When you’re diagnosed with psoriasis — an autoimmune disease that occurs when the immune system attacks healthy cells (skin cells) instead of targeting foreign invaders like bacteria and viruses — taking medication is usually a necessary first step. There are many kinds of medications used to manage psoriasis, and as you know, finding the right treatment takes a bit of trial and error to see which therapy you’ll respond to best.
If you reach a point when your dermatologist feels you need to escalate your treatment — progress from a topical cream to an oral medication or injectable/infused medication — you may also be working with a specialty pharmacist for the first time. This is because these drugs are complex specialty drugs that you can’t get from your typical neighborhood pharmacy. Between trying a new medication and working with a new type of pharmacy, it’s normal to feel confused, overwhelmed, and frustrated. But it’s never a good idea to stop treatment (or not refill that RX) without first talking to a member of your health care team.
The Global Healthy Living Foundation and CreakyJoints spoke with dedicated dermatologists, rheumatologists, primary care doctors, specialty pharmacists, and like-minded psoriasis warriors to help guide you during this crucial part of your treatment journey. We talk about why starting (and staying on) treatment matters for your physical, mental, emotional, and social health — and how to make your specialty pharmacists yet another reliable partner on your care team. Let’s work together so you have the support and guidance you need to manage your psoriasis from the inside out!
In addition to itchy, painful skin and comorbid diseases like psoriatic arthritis and metabolic syndrome, many people with psoriasis can also have psychiatric and emotional concerns, such as depression and anxiety, substance abuse, and self-harming behaviors brought on by the stigma associated with the disease. In fact, researchers refer to it as a “psychosocial skin disease” for the impact it can have on a person’s self-esteem. In this video, you’ll hear more about why psoriasis isn’t only skin-deep.
No one knows better than you that psoriasis goes well beyond your skin. Psoriasis is a systemic disease. This means it can affect your entire body, increasing your risk for seemingly unrelated diseases — heart disease and diabetes — as well as psoriatic arthritis, which causes inflammation of the joints and occasionally the spine. Stress, anxiety, depression, low self-esteem, and loneliness are also common in people with psoriasis. Learn More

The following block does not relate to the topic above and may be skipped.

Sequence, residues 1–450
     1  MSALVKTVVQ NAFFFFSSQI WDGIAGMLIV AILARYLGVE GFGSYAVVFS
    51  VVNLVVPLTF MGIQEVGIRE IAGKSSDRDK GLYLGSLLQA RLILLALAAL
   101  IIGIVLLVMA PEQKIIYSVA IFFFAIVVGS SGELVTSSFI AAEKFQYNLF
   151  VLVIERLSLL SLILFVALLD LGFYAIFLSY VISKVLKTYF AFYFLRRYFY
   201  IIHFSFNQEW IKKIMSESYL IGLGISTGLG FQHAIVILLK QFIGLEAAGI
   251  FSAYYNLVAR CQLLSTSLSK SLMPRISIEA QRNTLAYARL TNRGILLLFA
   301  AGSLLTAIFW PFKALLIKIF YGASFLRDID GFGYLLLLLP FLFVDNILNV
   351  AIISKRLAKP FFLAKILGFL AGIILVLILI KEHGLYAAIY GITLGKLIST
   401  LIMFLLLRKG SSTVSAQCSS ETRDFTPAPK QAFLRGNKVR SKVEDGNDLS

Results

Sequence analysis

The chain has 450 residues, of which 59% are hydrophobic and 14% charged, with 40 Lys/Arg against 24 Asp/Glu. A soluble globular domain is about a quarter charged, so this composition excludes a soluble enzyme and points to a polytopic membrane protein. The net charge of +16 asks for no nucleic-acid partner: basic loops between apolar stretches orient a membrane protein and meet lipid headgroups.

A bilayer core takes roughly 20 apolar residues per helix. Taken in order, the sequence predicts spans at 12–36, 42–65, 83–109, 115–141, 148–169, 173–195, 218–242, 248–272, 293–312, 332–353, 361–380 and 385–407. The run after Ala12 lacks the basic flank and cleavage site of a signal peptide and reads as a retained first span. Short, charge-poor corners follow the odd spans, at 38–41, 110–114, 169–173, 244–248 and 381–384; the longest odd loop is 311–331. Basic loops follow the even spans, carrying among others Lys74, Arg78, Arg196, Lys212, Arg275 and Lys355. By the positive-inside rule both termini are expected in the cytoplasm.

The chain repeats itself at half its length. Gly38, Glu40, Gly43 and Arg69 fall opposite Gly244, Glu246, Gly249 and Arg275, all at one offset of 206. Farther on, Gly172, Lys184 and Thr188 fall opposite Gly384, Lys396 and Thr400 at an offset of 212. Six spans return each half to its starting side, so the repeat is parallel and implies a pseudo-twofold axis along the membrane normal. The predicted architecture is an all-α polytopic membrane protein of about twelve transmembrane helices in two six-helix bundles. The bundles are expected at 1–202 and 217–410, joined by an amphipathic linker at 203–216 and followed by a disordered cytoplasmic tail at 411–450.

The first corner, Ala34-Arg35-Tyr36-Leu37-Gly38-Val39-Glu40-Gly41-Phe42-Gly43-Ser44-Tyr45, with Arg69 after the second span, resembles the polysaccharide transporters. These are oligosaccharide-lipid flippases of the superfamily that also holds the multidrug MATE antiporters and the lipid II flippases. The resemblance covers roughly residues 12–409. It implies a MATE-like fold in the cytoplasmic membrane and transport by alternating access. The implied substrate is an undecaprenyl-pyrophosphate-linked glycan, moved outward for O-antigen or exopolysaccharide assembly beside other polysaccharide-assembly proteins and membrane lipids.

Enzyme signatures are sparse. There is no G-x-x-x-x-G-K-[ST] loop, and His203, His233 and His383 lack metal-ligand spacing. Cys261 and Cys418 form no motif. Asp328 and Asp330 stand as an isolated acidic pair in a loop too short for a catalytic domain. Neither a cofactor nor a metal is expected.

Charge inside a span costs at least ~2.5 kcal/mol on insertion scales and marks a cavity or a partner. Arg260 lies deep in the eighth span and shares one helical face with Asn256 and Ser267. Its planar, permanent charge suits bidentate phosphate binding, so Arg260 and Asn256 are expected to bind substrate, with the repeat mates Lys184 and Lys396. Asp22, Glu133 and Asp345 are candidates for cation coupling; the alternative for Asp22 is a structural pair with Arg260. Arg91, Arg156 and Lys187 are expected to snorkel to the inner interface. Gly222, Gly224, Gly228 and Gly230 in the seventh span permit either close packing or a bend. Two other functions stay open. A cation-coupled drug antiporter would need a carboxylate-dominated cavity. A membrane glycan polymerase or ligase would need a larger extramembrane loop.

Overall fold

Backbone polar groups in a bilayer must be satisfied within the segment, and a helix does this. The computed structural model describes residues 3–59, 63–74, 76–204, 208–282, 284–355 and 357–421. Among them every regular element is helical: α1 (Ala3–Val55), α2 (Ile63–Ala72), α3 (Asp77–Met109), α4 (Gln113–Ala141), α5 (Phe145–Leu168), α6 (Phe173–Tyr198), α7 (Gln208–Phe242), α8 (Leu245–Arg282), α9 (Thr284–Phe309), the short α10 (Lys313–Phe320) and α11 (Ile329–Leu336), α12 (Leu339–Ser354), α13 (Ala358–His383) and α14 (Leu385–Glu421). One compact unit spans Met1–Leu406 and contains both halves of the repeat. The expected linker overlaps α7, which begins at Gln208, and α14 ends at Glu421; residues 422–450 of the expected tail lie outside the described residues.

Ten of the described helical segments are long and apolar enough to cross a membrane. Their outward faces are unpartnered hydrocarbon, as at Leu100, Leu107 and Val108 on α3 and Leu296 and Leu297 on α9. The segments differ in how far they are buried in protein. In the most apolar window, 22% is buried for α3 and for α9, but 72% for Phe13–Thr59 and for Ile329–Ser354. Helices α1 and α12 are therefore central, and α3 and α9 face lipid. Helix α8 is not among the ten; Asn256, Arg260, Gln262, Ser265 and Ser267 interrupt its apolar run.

“Yes, it’s a skin condition, but it also can be associated with arthritis of the small joints or lower back. And we know now that it can be associated with an increased risk of coronary artery disease, elevated cholesterol, and even elevated blood sugars. Gone are the days when somebody comes in the office and we just kind of give them a cream and have them walk out the door when they have psoriasis.”
— Mona Gohara, MD, Associate Clinical Professor Dermatology at Yale School of Medicine
Psoriasis Patient Story:
When her treatment finally began working it was like “seeing the sunshine after a heavy rainstorm,” says Vickie. “It’s kind of hard to describe, but it’s just an over joyful feeling — like okay, I finally found something that’s going to work for me.”
Read Her Story
How quickly you reach your health goals can depend on how well your specialty pharmacy serves your needs and reacts to changes. This is why GHLF and CreakyJoints talked with several specialty pharmacists to provide you with resources, support, and answers to your questions.
When your medication gets more specialized, your care does too. Here are 10 ways that a full-service, specialty pharmacy can provide care for those living with psoriasis:
Your specialty pharmacist is much more than just a medication dispenser — they can be an accessible, qualified resource to help support you throughout your psoriasis treatment journey. Talking to your specialty pharmacist about a medication’s potential risks and benefits — and how those fit into your treatment goals and preferences — is part of what's referred to as “shared decision-making.”
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“Psoriasis: An Inside Out Disease" was made possible with support from Amgen.
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